by Paul Smyth
- The poet pauses now
- Sighs as he takes
Pleasure in those six lines he's written. So far,
- Though rough, so good. Somehow
- The mind that aches
With life keeps faith with words, with what they are.
- His fingertips knead his brow,
- He thinks of satellites
- Circling the planet,
Their windmill-like collector panels facing
- Sunward; and the storage sites
- On Earth, a net
Of tilting polished dish-antennae tracing
- The laser beams. He writes
- Apollo banished and thinks
- Of energy,
Those laser beams charged with the stuff that is
- The shimmering greens and pinks
- He would now see
Outside, the neon glow of town. But his
- Desire is words. He blinks,
- Imagining now a young
- Girl writing in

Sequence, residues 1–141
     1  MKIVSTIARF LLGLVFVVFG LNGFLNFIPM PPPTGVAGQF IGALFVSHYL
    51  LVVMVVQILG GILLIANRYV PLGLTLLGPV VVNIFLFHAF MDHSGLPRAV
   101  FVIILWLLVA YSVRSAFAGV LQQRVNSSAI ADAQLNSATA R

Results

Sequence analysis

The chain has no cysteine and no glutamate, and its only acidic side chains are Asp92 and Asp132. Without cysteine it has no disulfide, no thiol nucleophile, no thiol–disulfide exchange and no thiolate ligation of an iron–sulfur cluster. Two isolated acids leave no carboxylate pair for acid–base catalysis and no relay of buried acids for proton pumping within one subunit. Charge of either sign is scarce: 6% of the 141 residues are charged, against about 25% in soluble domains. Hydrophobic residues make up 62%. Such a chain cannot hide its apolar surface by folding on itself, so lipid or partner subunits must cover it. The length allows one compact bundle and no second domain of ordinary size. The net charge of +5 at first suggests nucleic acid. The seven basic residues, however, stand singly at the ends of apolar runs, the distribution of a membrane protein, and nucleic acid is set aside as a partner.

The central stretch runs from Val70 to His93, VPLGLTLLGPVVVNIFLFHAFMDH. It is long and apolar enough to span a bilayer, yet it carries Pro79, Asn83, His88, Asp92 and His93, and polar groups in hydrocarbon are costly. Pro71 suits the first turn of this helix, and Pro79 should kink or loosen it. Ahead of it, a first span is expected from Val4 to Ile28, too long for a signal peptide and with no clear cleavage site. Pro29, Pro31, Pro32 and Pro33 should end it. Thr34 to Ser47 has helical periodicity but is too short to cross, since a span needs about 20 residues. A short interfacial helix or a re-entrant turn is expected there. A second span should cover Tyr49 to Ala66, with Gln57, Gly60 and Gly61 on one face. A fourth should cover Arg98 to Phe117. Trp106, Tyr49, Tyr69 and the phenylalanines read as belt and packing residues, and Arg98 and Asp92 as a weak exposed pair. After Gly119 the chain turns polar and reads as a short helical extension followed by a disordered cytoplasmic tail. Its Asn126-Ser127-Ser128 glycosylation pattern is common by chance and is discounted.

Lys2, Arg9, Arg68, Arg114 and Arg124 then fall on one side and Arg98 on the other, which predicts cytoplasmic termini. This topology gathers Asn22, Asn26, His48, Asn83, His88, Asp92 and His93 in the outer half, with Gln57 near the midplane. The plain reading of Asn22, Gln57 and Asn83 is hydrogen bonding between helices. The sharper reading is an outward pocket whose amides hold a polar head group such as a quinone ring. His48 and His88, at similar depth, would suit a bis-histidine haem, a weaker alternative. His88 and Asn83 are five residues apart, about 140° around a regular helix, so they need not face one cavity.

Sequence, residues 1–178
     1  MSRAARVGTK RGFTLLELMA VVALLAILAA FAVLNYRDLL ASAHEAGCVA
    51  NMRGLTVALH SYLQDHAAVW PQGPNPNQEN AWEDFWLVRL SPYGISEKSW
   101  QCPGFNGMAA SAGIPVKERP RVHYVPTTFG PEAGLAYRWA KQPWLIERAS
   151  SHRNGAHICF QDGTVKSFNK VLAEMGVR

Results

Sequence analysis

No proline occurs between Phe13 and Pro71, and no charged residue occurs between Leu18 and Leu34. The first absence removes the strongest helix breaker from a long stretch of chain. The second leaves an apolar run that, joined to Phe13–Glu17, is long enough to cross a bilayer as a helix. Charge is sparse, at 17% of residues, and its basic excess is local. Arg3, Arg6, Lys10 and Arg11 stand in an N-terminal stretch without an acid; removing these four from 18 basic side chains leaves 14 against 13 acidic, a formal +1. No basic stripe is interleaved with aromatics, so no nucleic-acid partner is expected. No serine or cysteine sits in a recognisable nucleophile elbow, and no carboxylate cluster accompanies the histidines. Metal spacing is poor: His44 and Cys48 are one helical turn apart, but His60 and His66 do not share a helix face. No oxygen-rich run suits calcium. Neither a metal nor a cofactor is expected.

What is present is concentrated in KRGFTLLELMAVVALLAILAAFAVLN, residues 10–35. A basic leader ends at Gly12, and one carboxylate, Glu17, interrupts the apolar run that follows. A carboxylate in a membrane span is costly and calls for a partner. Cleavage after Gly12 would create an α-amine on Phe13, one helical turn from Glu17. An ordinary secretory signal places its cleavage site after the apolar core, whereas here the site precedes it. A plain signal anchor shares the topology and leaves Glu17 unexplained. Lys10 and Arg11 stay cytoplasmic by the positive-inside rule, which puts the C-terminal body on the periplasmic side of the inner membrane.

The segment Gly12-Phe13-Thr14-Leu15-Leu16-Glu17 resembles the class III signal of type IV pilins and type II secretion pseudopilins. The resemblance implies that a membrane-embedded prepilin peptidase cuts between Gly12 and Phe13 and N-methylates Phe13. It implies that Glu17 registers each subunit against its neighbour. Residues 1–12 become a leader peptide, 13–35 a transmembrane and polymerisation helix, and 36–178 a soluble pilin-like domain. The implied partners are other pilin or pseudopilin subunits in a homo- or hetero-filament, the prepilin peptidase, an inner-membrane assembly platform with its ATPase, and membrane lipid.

Her locked, vinyl-bound diary, white and gold
- Her jeans and jersey flung
- On the bed, her thin
Arms bare, her bra lacy and pink but old.
- Now, on the tip of her tongue,
- The delicate phrase that will
Express the thrill and fire of him who was
- Near her tonight, who still,
- She's almost sure,
Can smell her cologne. Above the date she draws
- A pale blue daffodil.
- The poet closes his eyes
- And sees a rock,
A slab of shale, the fossil imprint there
- A clear amoeba. What dies
- Becomes this clock
That never strikes but makes a man despair
- Of language, and scrutinize
- The lined palm of his hand.
- Yet is this not
A form of speech, an oracular metaphor?
- And does it not command
- The salt that Lot
Embraced and wildly wept on, Cry out, implore
- Your god to understand?
- That makes him smile, and he
- Gets up and goes
To open his window: the whoosh and glare of cars,
- A distant siren, three
- Trashcans, and those
Familiar voices from the stoop. Mars
- Winks through a public tree.
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